I love the genius premise of Changers: each year of high-school, the main character turns into a completely different person. In the case of the main character in Changers: Book One, 13 year old skater dude Ethan Wakes up to discover he has become a blonde girl!
Now, I am always most interested in gender changes, and especially of the unwilling variety, and for Ethan it is most certainly an unwilling change. He actually had been shy around girls and uncomfortable with them, but had set down as one of his goals for his freshman year to get a girlfriend. Now, he suddenly finds he is a girl, and he has no idea how to be HER.
Now, I call it a genius premise because many young people do go through different identities during their high-school years, sometimes willfully and sometimes, like Ethan, now called Drew, in a way that feels unwilling and haphazard. So, I feel that Ethan’s seemingly supernatural experience neatly parallels and explores the real life experiences of young people, especially now that they are more free to explore their gender identity.
In the first part of the book, we get to see Drew as she adjusts to the expectations of girl teen culture, becomes a junior varsity cheerleader and explores relationships with other girls and boys. It’s fun and contains many of the beats we expect, while at the same time offering grounded characters who seem psychologically real.
In addition to her learning how to be a high-school girl, she also has to deal with the fact that she is part of a secret society of kids who are all changing identities just like her, and that this society has a LOT of rules, along with a lot of ominous threats about what will happen if she breaks them.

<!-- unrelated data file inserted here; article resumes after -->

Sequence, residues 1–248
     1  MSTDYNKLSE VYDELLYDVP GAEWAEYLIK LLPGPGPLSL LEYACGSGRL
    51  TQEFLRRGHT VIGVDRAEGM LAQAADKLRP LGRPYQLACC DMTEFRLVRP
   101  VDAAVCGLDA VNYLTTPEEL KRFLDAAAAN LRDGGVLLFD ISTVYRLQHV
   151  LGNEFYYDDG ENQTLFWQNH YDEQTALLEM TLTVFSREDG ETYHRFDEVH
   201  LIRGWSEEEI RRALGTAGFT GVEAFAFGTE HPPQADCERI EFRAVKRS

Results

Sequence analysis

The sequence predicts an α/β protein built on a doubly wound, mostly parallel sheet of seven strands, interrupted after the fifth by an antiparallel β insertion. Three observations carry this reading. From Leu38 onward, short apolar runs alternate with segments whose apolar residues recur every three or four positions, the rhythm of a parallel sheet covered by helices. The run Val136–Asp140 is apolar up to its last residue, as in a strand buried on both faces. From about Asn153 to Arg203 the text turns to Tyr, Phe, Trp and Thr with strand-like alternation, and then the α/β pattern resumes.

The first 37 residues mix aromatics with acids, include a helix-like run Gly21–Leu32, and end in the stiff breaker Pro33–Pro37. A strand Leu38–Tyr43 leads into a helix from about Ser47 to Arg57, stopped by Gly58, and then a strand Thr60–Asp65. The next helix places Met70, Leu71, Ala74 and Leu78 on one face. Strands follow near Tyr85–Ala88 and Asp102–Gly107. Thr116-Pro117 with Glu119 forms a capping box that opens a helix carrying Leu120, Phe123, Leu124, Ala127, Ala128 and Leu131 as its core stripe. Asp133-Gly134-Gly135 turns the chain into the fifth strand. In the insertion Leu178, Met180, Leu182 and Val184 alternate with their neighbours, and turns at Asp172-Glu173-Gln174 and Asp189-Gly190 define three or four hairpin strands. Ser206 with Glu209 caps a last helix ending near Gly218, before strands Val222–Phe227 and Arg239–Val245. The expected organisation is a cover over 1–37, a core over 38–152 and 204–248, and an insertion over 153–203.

Which brings me to one thing I didn’t love: I felt the rules of the Changers world were too complicated and limiting, and that too much time was spent dwelling on them. I didn’t find the Changers’ culture believable. For example, all of the changers are sworn to keep their nature a secret, and yet they are then given a tattoo on their butt which makes it easy to identify them. It makes little sense. The character also has to attend an incredibly dull and boring seminar which I found agonizing to read about, and which ended with a huge party for all the changers where they were encouraged to mingle even though they were forbidden from having relationships with each other. So, those section did not shine, especially compared to the other stuff, which was all really great.
I like the book and recommend it. There is even talk of a series, so this could be a really fun TV show one day! Check it out!!!!
Changers Book One
New York Times Feature on the Authors
T Cooper’s Website